OR WAIT null SECS
Restrictive regulations and cultural differences make regulatory approval in Japan elusive, but adopting new strategies may make that lucrative pharmaceutical market more accessible to non-Japanese companies.
Many of the new medications that come into the Japanese market originate in foreign countries, because the pharmaceutical industry in Japan is comparatively small. Despite this, foreign companies still have difficulty obtaining approval in Japan because of continued hesitancy about the exchange of foreign data. The most successful pharmaceutical products in Japan are still manufactured by Japanese companies1. For example, Japan stresses safety over efficacy, and daily doses are typically lower in Japan than in either the United States or the European Union2–3. It also appears that for a majority of drugs, dose differences are not due to pharmacokinetic differences, but rather differences in medical practice or culture.
Western companies have great interest in using foreign data to satisfy Japanese requirements for drug approval. And with the adoption of the Guideline on Ethnic Factors in the Acceptability of Foreign Clinical Data (available online at www.ich.org/pdfICH/e5.pdf), the Japanese became open to the use of foreign clinical data in applications for drug registration. ICH made it possible for the global pharmaceutical industry, in cooperation with Japanese regulators, to register medicines in Japan using data gathered abroad4. The willingness of other regions to use Japanese data is likely to emerge more slowly, primarily because the level of record-keeping detail and the Western ability to monitor and audit trials at the site level are relatively new concepts in the Japanese clinical trials environment.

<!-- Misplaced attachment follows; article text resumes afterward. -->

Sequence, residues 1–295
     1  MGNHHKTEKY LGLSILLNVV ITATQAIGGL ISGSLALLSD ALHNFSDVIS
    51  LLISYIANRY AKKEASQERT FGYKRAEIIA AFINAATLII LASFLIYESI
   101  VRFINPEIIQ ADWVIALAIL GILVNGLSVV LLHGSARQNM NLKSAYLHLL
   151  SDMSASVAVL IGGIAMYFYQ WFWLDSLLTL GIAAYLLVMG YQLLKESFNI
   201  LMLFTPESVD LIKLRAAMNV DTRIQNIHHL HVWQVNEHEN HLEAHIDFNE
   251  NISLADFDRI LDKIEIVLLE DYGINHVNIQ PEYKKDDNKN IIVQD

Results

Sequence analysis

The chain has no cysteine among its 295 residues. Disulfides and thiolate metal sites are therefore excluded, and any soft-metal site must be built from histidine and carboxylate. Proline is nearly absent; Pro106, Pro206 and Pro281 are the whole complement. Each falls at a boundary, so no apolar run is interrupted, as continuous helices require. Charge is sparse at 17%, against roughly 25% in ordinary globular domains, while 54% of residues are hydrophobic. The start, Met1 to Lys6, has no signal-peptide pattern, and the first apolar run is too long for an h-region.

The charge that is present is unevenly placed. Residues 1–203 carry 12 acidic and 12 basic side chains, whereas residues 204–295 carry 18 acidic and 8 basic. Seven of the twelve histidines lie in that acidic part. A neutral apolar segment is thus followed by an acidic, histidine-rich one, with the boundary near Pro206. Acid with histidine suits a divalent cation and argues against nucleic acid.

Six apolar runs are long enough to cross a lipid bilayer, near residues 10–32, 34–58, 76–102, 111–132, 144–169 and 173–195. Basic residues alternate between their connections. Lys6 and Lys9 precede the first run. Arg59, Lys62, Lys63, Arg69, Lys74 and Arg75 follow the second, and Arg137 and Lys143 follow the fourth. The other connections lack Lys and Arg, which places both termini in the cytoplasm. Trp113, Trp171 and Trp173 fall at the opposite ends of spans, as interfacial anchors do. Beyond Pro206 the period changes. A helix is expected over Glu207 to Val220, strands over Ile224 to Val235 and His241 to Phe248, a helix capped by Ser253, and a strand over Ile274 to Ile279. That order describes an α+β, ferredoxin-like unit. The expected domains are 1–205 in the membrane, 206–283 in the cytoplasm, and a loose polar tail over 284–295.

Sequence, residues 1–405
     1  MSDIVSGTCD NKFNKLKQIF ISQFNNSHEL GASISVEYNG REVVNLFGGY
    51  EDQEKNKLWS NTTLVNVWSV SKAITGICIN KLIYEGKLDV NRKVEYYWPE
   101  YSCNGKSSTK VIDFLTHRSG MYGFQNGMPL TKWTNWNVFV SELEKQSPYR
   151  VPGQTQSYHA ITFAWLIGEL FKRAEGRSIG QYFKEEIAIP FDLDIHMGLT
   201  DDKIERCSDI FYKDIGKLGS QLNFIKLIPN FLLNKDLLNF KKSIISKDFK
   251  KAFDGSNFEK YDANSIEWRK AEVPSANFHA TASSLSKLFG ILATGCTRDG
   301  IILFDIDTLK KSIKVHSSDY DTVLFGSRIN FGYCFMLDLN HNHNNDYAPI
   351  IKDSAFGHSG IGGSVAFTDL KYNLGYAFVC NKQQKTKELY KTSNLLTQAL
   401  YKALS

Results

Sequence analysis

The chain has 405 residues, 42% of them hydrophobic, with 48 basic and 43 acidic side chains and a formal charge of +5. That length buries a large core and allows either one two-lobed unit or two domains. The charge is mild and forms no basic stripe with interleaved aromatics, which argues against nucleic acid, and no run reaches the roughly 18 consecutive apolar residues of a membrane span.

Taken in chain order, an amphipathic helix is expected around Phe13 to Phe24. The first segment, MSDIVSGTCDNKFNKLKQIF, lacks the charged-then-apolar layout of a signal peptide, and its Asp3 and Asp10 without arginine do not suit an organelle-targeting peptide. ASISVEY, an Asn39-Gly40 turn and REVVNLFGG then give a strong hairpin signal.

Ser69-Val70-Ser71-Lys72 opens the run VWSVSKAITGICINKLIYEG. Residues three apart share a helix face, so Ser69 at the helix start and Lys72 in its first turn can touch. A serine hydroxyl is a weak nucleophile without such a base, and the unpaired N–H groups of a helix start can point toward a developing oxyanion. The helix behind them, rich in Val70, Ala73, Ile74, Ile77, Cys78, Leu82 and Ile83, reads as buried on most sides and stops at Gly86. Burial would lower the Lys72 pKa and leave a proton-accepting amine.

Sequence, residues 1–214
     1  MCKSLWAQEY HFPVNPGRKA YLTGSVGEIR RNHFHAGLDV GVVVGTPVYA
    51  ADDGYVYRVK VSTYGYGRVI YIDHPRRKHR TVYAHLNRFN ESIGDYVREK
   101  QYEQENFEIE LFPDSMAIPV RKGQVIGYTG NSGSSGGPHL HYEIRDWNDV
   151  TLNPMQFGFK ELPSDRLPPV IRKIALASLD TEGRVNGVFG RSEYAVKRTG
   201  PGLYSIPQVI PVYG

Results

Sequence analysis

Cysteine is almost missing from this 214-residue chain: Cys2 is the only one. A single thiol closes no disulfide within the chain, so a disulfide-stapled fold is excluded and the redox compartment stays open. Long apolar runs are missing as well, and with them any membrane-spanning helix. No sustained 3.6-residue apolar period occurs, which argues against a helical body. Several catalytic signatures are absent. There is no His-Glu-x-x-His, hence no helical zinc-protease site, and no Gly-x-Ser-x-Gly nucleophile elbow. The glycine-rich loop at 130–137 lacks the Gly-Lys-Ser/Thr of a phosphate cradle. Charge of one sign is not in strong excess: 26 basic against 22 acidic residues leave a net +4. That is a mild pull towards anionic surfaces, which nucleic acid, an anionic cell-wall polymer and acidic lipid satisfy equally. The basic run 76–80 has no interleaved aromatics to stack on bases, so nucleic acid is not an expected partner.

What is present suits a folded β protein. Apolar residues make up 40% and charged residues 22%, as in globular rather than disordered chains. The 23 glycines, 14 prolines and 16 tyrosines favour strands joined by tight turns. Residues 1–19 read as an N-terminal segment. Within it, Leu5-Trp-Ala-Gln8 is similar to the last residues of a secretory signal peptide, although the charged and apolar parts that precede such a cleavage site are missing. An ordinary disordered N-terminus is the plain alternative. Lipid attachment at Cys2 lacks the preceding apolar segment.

Developing new medications is a painstaking, lengthy, and expensive process. The International Conference on Harmonisation of Technical Requirements for Registration of Pharmaceuticals for Human Use (generally referred to as ICH) focuses on technical requirements for medicines that contain new drugs. Most new drug products are developed in Western Europe, Japan, and the United States. Consequently, when ICH was established, the founding members agreed to concentrate on registration in those three regions. The founding members of ICH represent regulators and industry in the European Union, Japan, and the United States—the EU, EFPIA, MHLW, JPMA, FDA, and PhRMA.
In 1998, the ICH Steering Committee recommended adoption of the Harmonised Tripartite Guideline on Ethnic Factors in the Acceptability of Foreign Clinical Data, E5. The focus of the E5 guideline is on the use of data created in one region for regulatory filing purposes in another region.
Furthermore, that same year the FDA released a guidance with the International Conference on Harmonisation, “Guidance on Ethnic Factors in the Acceptability of Foreign Clinical Data,” recommending strategies that allow application of clinical data collected in one region to be used for the support of drug and biologic registrations in another region5. This document allows for the consideration and evaluation of such factors as the medication’s efficacy and safety at specified dosage and dose regimens. It was developed to facilitate the registration of study compounds among ICH regions. The guidance also suggests specific regulatory and development strategies to expedite the drug approval process, to allow adequate evaluation of the influence of ethnic and racial factors on drug intervention effects, and to minimize the duplication of clinical studies.
Clinical data generated in foreign regions can be either complete or incomplete, with the acceptability of the data depending on whether it can be accurately extrapolated to the new region. Extrapolation is the key concept behind accepting foreign clinical data and is highly contingent on the completeness of the package
.Complete packages should include data that adequately characterizes the pharmacodynamics, pharmacokinetics, and dose response in a relevant population and clinical trial data establishing dose response, efficacy, and safety. Successful extrapolation of data is more likely if the drug class has already been approved in the new region. If foreign data does not meet these stringent standards, the regulatory authority may require additional clinical trials. These clinical trials may focus on different subsets of the population (for example, including patients with renal or hepatic impairment), distinct comparator groups at clearly specified dosages or dose regimens, or drug–drug interactions.